workplace adornment: a rebellious black girl speaks

Screen Shot 2015-07-21 at 8the idea of ornament does not attempt to meet conventional standards, but it satisfies the soul of its creator.

-zora neale hurston

me: “i’m getting a double-helix piercing tomorrow.”

her: “is your job gonna be cool with that?”

i left the previous exchange with a friend thoroughly annoyed.  whether my hair, piercing, tattoos or clothing, i’m sick of people feeling the need to question my adornment choices.

first, i’ve been obsessed with body art my entire life. i waited until i was more mature to get my first tattoo and all three are meaningful: eye of horus, marcus garvey quote and adinkra symbol — all represent an aspect of my identity that i made a conscious choice to share with the world.  keeping my deliberate intention in mind, i’m bothered when people, too often well-meaning black folks, attempt to police my decisions.

black women undergo workplace assimilation and endure constant microaggressions not for fun, but because we’re told it’s necessary to ensure our success.  straight hair, muted clothing, “it” handbags, no visible tattoos — we conform to white society’s definition of respectability and workplace appropriateness. recently, a sister complimented my hair and said the last time she wore her natural hair to court (she’s an attorney) the judge and security didn’t recognize her. they refused to allow her to sit at a table reserved for lawyers, and she was forced to state on the record why she’d been denied a seat. i’m struck by her example because straight hair literally operated as a disguise; ironically leaving her natural image unrecognizable by peers.

so how is it that i, the person who tries to embrace my authentic self, ignites suspicion, stares and questions about my style choices?  were it not for white supremacy and gender expectations, my actions would be recognized as steps towards self-actualization. what’s underneath is a hierarchy that places social acceptance by the status quo above authenticity and emotional well-being. policing my decisions fails to question the system that decided “respectability” is a necessary component of success. my people did not define it, and i won’t be forced to comply with a standard that’s narrowly tailored for the purpose of marginalization.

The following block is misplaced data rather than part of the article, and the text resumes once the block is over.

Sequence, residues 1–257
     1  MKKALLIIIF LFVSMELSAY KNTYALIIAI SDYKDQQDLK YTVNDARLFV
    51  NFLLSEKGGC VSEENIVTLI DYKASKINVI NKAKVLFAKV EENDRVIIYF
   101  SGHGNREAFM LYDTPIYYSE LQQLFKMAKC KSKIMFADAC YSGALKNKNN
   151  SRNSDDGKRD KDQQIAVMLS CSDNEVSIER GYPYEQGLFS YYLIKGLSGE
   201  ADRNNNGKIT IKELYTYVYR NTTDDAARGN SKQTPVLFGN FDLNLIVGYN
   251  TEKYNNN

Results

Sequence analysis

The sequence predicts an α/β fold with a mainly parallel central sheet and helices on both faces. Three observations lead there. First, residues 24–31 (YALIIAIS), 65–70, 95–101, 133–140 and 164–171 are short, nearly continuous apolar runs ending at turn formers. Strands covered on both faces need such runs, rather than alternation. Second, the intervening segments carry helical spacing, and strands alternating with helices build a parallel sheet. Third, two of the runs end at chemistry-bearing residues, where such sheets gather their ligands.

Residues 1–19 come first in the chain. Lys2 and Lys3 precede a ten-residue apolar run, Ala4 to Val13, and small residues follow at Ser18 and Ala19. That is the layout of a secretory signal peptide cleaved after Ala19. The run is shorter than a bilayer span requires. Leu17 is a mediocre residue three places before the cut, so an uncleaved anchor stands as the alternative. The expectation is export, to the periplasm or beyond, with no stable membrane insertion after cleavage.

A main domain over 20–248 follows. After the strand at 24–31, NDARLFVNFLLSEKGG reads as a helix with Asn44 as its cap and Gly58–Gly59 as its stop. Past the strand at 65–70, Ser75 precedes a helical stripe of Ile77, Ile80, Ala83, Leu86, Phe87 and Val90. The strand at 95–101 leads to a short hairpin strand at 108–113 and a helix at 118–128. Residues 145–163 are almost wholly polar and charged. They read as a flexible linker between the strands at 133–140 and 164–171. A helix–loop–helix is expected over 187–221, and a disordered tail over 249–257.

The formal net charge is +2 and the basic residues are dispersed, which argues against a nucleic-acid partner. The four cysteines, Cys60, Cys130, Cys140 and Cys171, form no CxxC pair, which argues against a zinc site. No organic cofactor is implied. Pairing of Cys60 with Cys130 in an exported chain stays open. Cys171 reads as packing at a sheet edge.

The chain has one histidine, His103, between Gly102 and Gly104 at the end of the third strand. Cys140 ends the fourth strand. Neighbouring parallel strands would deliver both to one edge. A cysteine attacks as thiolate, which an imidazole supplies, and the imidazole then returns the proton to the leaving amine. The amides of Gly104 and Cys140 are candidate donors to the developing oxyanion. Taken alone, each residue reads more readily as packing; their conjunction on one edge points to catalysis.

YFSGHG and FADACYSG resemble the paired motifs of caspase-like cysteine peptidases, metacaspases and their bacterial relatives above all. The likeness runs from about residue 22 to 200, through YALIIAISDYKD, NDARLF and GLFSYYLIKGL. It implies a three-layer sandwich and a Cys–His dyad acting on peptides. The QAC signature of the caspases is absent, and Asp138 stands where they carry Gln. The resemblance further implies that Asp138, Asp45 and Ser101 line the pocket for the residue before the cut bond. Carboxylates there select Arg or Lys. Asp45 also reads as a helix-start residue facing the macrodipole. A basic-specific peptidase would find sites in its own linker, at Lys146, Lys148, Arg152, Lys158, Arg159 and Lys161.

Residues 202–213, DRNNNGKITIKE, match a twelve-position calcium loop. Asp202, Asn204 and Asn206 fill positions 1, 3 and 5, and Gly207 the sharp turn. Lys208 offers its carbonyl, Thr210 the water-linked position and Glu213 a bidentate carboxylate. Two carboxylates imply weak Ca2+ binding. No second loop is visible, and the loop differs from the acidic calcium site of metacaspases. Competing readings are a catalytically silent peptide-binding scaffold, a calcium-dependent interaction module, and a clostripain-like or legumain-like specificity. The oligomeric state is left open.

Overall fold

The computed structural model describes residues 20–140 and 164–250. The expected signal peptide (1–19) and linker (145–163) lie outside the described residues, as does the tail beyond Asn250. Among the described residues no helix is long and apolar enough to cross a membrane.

i understand that my position is born not only from a spirit of rebellion, but also educational privilege.  black women working in low-paying jobs or fighting chronic underemployment while supporting their families don’t have the option to forgo certain workplace norms regarding their physical presentation. but i do. as a result, those of us with similar privilege must work to widen restrictive spaces and fight the pressure to assimilate. whether we’re rocking stilettos, bow ties or dashikis, taking an unapologetic stance on our wholeness helps to make workplaces more tolerable.

i will adorn myself as i please and any professional space that finds my practice problematic is an affiliation that i’m blessed to do without. authenticity is the highest value.  i graduated phi beta kappa from my undergraduate university, earned a law degree from a top tier institution, sit on the board of directors for a civil liberties organization, yet have natural hair, dark skin, tattoos and piercings. their definitions of respectability will never change unless we rebel.


  1. AMEN!!!!!!!!!!!!!!!!!!!!!!!!! I just LOVE ALL your posts/blogs.

    Reminds me of my “working days” — I was constantly asked if I thought I would intimidate the “others” in the office by wearing my African jewelry. MY JEWELRY!!!!???????? (large amber beads and beaded bangles)

    Later, when selling my home, I was told to remove all references of my African/Black Memorabilia Artifacts/Books. Of course, I did not, and the home sold within a week. (“house might not be sold to/seen by white customers — too intimidating to see all those Black images”).

    btw., I assure you our home is not overrun with lions, elephants, and tigers, — or overloaded with huge masks everywhere. The decor is quite tasteful.

    (I used to volunteer at the Smithsonian’s Museum of African Art — most of the African artifacts were donated by a white man, to start the museum).

    hhmmmm, I guess I am just an elderly lady who also feels “my position is born not only of rebellion, but also educational priviledge.”


    1. Thanks so much for reading! It’s great to hear from an elder who’s fought (and sounds like continues to fight) a similar struggle. You can pass some of those amber beads and bangles my way too 🙂


  2. This was such a timely piece and I thoroughly appreciate. This week a youtuber Seren who goes by the name sensei aishitemasu did a few videos delving into this topic and yours took a different angle, but nevertheless some valid remarks. I have locs, not the neat type and almost completed my MSc. although I am not American and I am located in the Middle East I am yet to deal with such issue of “hair” but the constant stares and asking for photos…. However, in other facets of my life experience so far are the natives expecting me as an African to always get up and give them seat in the bus,or a cashier pointing to the cash machine and not saying my total price, even though I can speak their language…(to which I patiently stand in the supermarket until he or she tell me the total with actual words). So thank you for these post:))))


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